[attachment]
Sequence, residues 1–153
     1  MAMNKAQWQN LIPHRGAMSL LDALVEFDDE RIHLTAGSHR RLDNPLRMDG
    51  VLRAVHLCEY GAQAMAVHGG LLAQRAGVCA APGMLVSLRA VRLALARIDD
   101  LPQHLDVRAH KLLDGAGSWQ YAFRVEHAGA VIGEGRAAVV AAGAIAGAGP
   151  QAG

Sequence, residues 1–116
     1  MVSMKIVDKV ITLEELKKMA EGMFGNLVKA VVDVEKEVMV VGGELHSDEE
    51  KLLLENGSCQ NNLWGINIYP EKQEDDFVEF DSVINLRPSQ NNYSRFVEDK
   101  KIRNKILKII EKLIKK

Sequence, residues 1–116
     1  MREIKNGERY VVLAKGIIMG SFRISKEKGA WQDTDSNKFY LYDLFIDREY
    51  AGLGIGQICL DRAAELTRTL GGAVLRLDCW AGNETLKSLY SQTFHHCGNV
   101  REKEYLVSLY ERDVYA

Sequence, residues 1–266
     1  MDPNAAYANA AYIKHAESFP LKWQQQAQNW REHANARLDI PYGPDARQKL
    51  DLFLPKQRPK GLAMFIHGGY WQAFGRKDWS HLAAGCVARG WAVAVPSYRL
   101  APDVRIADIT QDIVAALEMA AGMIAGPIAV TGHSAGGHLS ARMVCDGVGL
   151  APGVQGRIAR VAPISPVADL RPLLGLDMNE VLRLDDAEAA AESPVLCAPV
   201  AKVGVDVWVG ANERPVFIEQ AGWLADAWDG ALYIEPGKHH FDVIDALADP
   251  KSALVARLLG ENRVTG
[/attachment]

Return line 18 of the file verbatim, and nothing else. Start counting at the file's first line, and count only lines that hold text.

   151  APGVQGRIAR VAPISPVADL RPLLGLDMNE VLRLDDAEAA AESPVLCAPV